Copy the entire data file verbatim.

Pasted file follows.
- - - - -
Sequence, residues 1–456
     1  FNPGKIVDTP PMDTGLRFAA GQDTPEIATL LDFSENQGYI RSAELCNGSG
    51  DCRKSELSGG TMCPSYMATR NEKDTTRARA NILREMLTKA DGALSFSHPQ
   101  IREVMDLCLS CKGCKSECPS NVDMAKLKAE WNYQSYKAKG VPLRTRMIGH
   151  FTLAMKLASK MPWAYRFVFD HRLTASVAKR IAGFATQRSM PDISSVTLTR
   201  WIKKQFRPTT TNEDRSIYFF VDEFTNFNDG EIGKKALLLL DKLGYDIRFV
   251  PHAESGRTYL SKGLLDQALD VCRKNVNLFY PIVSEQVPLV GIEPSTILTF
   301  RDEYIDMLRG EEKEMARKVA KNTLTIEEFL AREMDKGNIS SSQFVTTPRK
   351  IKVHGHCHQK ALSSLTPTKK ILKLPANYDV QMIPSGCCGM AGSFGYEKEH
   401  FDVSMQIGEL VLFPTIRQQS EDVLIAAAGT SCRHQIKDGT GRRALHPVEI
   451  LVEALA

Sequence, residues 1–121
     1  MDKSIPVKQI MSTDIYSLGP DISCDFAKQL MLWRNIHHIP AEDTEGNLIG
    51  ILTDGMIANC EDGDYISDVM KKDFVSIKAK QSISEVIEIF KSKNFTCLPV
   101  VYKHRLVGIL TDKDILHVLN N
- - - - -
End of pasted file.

Sequence, residues 1–456
     1  FNPGKIVDTP PMDTGLRFAA GQDTPEIATL LDFSENQGYI RSAELCNGSG
    51  DCRKSELSGG TMCPSYMATR NEKDTTRARA NILREMLTKA DGALSFSHPQ
   101  IREVMDLCLS CKGCKSECPS NVDMAKLKAE WNYQSYKAKG VPLRTRMIGH
   151  FTLAMKLASK MPWAYRFVFD HRLTASVAKR IAGFATQRSM PDISSVTLTR
   201  WIKKQFRPTT TNEDRSIYFF VDEFTNFNDG EIGKKALLLL DKLGYDIRFV
   251  PHAESGRTYL SKGLLDQALD VCRKNVNLFY PIVSEQVPLV GIEPSTILTF
   301  RDEYIDMLRG EEKEMARKVA KNTLTIEEFL AREMDKGNIS SSQFVTTPRK
   351  IKVHGHCHQK ALSSLTPTKK ILKLPANYDV QMIPSGCCGM AGSFGYEKEH
   401  FDVSMQIGEL VLFPTIRQQS EDVLIAAAGT SCRHQIKDGT GRRALHPVEI
   451  LVEALA

Sequence, residues 1–121
     1  MDKSIPVKQI MSTDIYSLGP DISCDFAKQL MLWRNIHHIP AEDTEGNLIG
    51  ILTDGMIANC EDGDYISDVM KKDFVSIKAK QSISEVIEIF KSKNFTCLPV
   101  VYKHRLVGIL TDKDILHVLN N